How to Win Friends and Influence Standards Bodies


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# How to Make Friends and Influence Standards Bodies

The greatest strength of the web is its openness. But not everyone appreciates how we arrived at the open web of today. A recent trend has cast standards bodies as bureaucracies that never accomplish anything of substance, while the heroic community innovates and implements “from scratch.”

Reality is much less black-and-white: sandboxes like Node.js have received much from the web platform and language that spawned them, and have a lot to contribute back. Standards bodies are composed of implementers and community members willing to engage, not ivory tower philosophers handing down bad, never-tested APIs from on high. And real gains could be made for both sides—with some effort.

This talk is part stories, and part lessons; it’s meant both to teach, and to open the floodgates for collaboration. You’ll hear about ways in which community input has had great impact on the standards process for the better, as in the case of web audio or adding promises to ES6. But you’ll also be taught communication and coalition-building skills that, from what I see, are sorely needed by many community members. How can you get involved and shape the future of the web and JavaScript platforms in a direction that will help everyone? Who are the key players and processes that they follow?

Finally, together we’ll brainstorm on and identify some key areas where your expertise and hard-learned lessons could help the web platform toward future solutions for problems it’s encountered.

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  • Consider: somehow, we've managed to create a system where you canboot up your computer,connect to any other arbitrary computer,download executable code onto your machine,and run that executable code in a safe, sandboxed way that you are sure will never harm your computer.You can run anything from document readers to trading systems to hardware-accelerated 3D games,and they will work no matter what CPU architecture or form factor your device uses.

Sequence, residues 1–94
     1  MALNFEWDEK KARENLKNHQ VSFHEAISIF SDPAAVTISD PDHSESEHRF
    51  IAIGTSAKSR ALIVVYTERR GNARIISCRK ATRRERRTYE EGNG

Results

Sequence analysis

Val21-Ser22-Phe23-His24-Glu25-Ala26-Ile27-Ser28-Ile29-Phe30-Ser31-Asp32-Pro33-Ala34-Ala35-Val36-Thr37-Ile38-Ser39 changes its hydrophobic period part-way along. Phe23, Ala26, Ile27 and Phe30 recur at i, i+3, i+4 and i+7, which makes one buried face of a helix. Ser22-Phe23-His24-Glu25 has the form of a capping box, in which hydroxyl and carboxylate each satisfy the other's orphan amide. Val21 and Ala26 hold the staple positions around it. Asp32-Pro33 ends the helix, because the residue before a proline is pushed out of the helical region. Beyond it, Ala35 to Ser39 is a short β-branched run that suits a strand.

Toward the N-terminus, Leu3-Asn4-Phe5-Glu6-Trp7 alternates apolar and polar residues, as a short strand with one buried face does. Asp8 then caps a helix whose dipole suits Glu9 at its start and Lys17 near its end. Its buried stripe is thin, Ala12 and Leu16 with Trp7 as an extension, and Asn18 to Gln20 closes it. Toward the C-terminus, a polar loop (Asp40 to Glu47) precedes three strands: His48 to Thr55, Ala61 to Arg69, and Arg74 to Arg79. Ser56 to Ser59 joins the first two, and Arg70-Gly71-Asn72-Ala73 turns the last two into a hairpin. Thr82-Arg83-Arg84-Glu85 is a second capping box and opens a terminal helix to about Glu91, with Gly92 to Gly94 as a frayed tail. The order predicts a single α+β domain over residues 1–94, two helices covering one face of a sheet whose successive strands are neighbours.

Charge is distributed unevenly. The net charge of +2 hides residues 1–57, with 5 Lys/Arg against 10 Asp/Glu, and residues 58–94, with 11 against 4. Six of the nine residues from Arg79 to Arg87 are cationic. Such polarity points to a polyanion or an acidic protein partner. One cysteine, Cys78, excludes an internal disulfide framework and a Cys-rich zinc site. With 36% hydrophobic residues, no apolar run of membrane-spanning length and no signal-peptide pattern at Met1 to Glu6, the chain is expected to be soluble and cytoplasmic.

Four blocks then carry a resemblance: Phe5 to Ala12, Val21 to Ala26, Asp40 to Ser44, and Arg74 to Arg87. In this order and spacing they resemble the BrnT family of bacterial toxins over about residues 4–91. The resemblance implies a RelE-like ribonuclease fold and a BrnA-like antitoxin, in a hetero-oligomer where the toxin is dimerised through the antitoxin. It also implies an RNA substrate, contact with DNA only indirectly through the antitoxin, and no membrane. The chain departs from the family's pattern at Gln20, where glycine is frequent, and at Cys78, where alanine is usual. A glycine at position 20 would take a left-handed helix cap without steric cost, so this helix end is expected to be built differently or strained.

• I’m referring, of course, to the web.I’d say this is a feat way up there with few others in human history. In fact, the one accomplishment that I would compare this to most, is the moon landing.
  • This picture represents the culmination of many, many hours of work as a species. As does, I claim, the last one.Consider what it took to build the web platform we work on today.The amount of cooperation between disparate parties;the bedrock that had to be laid down first;the giants whose shoulders we stood on, to get to this point.Consider the people whose entire job is to build these systems, so that on top of them we can achieve our goals. We call those people “standards bodies.”And yet…
  • People don’t seem to appreciate this accomplishment.Worse, their antagonism seems to be based on some serious misunderstandings of what exactly standards bodies are, and what they do.I’ve spent the last year diving into their world, and I’m back here to report.To really understand the genesis of the modern web platform, and of the standards bodies behind it, we have to go back…
  • To 2004, to be precise.Think back to 2004, and what the web was like back then. Something new was all the rage. Does anyone remember what it was? Anyone?
  • It was XML.From 1999, when HTML 4 was finalized, through 2004, the W3C had been pushing XML everywhere.XHTML, SVG, SMIL, XForms, XLink, MathML, and XML Events were our future.But there was concern that these weren’t actually solving any problems…
  • Ian Hickson, of OP-erah software, in 1994.
  • All this came to a head at this W3C workshop in San Jose.Mozilla and OP-erahjointly proposed a set of design principles, and requested a vote whether the W3C should extend HTML and the DOM to support web applications.It was defeated, 8 yes to 14 no.